As An Actor or Oddsmaker, Cagney & Lacey's John Karlen Is Simply Perfecta
When John Karlen accepted his Emmy this year—for his role as Harv, Tyne Daly's paunchy, steadfast hubby on Cagney & Lacey—he provided the exuberant high point in an otherwise soporific evening. A guy who once earned pin money as a bookie in the barrooms of Brooklyn, Karlen brandished his prize, untied the knot in his throat and after a few preliminary words told the audience: "I need this more than a working man needs a loaf of bread."
Two months later, Karlen, 53, still has an afterglow that would shame an aurora. "It's really nice to get up in the middle of the night and on the way to the bathroom say hello to it," says the actor, gazing at the statuette on the mantelpiece of his Glendale, Calif. home. "It's the best. It's the killer. It's juicy. Getting it was the most power-packed minute and 15 seconds of my life." Karlen is in Hollywood heaven, and he doesn't care who knows it.
In fact if Karlen has a single surpassing charm, it's his sheer, unfettered jubilance—an outlook typical of "the Brooklyn bananas," he says, "the real tough guys of south Brooklyn. When you grow up low-down and crazy, you gotta give yourself a sense of freedom."
Karlen's notion of crazy included "a lot of petty shoplifting" in the tough Red Hook neighborhood where he grew up. Unpampered by four older sisters, Karlen was the only son of Adam and Helen Karlevich. "There were no great laws in our house about come home at this time, do this, do that. Maybe there was supper on the table, maybe there wasn't, but we all had a sense of freedom.
"We were poor but we didn't know it. My father would go down to the Navy yards, then come home and spit rust all night from working in the hold of a ship." His father also spewed plenty of turf lore. "He was a great handicapper, and he taught me everything he knew," says Karlen. "He was a heavyweight in the sense that he also played the violin, spoke half a dozen languages and kept Caruso records under his bed because there was no place else to put them."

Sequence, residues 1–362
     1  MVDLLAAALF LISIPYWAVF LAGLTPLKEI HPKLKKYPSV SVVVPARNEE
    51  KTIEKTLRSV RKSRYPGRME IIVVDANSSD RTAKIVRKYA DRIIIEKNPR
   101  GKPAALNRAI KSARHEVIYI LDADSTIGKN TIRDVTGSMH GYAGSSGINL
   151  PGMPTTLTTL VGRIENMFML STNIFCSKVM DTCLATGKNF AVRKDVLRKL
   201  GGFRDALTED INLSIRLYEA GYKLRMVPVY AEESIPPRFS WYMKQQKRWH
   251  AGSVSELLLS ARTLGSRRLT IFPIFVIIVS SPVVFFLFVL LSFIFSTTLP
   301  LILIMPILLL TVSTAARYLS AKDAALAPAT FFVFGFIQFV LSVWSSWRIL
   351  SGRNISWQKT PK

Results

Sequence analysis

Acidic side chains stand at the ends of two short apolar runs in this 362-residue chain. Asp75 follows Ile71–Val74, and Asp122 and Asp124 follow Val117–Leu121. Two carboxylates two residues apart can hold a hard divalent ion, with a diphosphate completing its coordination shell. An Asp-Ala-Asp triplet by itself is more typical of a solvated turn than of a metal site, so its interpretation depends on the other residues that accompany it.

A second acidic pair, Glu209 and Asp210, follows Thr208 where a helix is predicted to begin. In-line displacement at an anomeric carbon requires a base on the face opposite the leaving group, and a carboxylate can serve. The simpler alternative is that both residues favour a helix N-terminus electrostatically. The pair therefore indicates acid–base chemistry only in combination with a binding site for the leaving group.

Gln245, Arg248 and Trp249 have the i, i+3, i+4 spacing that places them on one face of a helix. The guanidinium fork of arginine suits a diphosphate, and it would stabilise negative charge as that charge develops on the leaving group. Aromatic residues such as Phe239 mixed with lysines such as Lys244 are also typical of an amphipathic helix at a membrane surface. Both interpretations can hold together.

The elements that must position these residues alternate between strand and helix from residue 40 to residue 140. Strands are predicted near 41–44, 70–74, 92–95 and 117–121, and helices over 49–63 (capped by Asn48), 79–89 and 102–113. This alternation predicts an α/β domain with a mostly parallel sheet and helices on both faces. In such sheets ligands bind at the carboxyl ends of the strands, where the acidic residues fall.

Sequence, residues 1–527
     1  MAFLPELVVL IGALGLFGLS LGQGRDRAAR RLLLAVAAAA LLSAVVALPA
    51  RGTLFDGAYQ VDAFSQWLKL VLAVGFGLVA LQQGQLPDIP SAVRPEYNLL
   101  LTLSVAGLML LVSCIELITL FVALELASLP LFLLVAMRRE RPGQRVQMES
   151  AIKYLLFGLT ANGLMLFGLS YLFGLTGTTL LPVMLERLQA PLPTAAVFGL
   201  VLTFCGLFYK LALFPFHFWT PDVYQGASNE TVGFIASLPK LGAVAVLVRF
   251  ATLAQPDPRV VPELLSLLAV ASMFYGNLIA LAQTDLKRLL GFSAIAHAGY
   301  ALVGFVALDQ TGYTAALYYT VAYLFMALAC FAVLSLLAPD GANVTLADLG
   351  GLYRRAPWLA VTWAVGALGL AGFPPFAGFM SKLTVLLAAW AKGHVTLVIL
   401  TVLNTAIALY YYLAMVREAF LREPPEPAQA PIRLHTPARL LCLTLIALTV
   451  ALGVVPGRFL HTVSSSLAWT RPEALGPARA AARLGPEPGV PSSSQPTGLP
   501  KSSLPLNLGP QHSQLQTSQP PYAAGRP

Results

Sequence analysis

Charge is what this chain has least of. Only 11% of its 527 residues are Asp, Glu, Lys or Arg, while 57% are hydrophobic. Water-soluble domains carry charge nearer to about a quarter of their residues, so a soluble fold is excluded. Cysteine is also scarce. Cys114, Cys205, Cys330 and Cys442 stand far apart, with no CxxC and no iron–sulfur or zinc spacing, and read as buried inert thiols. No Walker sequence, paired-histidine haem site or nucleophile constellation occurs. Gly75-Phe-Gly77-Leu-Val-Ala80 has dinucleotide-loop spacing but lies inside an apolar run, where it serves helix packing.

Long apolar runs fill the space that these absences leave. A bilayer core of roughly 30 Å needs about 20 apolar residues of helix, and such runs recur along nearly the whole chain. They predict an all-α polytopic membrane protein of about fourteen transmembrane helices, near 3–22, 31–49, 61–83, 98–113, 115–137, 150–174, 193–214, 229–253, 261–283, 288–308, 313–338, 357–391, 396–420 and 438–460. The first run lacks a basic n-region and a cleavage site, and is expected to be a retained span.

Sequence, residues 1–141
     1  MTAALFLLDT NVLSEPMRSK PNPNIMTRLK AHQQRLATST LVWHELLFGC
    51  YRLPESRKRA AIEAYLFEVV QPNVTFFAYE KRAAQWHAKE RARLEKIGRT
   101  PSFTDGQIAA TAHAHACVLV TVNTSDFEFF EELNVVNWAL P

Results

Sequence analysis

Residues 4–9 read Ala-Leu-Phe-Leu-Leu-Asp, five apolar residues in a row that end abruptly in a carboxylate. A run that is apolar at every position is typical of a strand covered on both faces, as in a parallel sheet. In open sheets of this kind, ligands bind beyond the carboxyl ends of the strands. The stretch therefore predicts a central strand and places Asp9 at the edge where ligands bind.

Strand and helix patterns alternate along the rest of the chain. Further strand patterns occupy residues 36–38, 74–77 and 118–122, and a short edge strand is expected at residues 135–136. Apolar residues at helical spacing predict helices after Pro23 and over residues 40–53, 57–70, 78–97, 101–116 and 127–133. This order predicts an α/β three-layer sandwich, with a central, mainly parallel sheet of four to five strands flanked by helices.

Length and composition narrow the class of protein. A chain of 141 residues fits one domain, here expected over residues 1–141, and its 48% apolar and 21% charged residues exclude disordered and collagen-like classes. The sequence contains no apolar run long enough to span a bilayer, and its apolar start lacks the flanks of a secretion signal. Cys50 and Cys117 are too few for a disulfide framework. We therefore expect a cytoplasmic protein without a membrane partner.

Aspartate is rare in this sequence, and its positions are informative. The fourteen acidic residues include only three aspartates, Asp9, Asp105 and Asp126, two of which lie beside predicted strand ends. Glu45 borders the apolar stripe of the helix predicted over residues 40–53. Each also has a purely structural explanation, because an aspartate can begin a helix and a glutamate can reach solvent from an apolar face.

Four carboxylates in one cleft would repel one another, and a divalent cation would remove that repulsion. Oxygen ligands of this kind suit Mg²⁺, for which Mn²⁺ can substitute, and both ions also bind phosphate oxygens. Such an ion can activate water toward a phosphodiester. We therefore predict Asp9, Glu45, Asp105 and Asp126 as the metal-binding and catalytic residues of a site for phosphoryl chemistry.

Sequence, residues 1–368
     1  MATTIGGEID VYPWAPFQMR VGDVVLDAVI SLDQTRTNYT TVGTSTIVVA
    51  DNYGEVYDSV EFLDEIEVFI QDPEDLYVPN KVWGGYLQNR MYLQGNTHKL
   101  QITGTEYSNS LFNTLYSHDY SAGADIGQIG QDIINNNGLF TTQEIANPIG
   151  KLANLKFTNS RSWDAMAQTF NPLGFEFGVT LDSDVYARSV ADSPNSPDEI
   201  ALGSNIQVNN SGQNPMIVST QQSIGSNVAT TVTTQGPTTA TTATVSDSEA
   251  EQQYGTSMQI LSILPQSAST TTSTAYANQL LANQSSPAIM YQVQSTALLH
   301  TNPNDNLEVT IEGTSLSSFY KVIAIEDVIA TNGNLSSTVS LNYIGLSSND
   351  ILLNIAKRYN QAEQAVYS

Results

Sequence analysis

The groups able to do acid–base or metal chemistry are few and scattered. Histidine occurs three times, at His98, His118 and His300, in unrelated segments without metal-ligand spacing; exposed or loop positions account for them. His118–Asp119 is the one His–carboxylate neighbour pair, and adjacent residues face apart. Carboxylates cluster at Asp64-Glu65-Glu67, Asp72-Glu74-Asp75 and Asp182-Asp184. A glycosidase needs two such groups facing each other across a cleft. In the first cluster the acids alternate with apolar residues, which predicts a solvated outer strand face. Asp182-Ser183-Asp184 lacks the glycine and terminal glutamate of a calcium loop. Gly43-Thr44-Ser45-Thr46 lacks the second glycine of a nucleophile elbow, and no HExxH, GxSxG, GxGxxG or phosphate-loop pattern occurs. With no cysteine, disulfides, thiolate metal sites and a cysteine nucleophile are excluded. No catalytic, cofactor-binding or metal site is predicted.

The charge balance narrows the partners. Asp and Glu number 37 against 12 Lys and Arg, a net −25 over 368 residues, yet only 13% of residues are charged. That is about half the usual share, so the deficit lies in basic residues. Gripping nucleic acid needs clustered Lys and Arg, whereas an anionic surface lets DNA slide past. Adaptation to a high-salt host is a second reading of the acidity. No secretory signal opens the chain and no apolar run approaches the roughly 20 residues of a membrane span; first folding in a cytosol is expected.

After quitting Manual Training High School at 16, Karlen worked as a messenger, a packer in a wedding ring factory and a small-time bookie. "I'm talking mainly $2 betting. Once in a while somebody hit a $60 daily double. That was a big kill in my neighborhood." He logged two years in Korea with the Air Force, then closed out his four-year hitch in Long Beach, Calif., where he joined a drama class to fill off-duty time. His street sense told him, "I can do this stuff. I can't write, I can't paint, I can't lay carpet. But goddammit, I can act." In 1957 Karlen enrolled in New York's American Academy of Dramatic Arts, and by 1960 he was on Broadway, appearing with Geraldine Page and Rip Torn in Sweet Bird of Youth.
In 1963 Karlen married acting teacher Betty Silicato, a prizefighter's daughter from Wilmington, Del., and three years later their son, Adam, was born. (Betty's first guest appearance on Cagney & Lacey airs in December; Adam, meanwhile, works part-time as a waiter in Malibu.)
What Karlen wanted from his career "was huge, instant stardom," he admits, "but it just didn't happen." Instead he coasted along on small parts in plays, TV and film. Yet he had no doubt that he was going to win the Cagney & Lacey role in 1982: Arriving at the audition, he saw that the first two digits on Tyne Daly's license plate, 94, were his lucky numbers. "And I told her—this was the first time I ever met her—'I'm gonna be the guy that gets the part, ba-da-bop, bidda-bip.' "
Today Karlen works an average of one day a week on the show, shooting as many as six scenes at a clip. He and Daly bird-dog each other, tenaciously going over lines. "This woman will not quit," he notes. "She goes on and on and on, and it's always richer, deeper, fuller. I like what I see when I see the two of us working. It's good kitchen drama. I'm proud of it."
The show's handicapper-in-residence, Karlen passes much time at Santa Anita, where he recently pocketed $2,500 on six of eight races. "To me, spending two or three hours with the Daily Racing Form is like reading the Bible or the Koran or the Talmud—total peace and relaxation," he explains. "A winning horse is an explosive moment. You've succeeded, you've reached the altar."
He spends the rest of his time working elsewhere (he and Geraldine Page appear in Native Son, a December film), twinkling around town in his Jag and cultivating maitre d's. A 5'10", 190-lb. fine-food junkie, Karlen has burned through three personal fitness consultants who tried in vain to tame his appetite with morning beach jogs. "Getting the best table at Trumps," he says, means more than a smaller belt size. "It's like they say in Brooklyn," he laughs, "Yah, fungo, who cares?"
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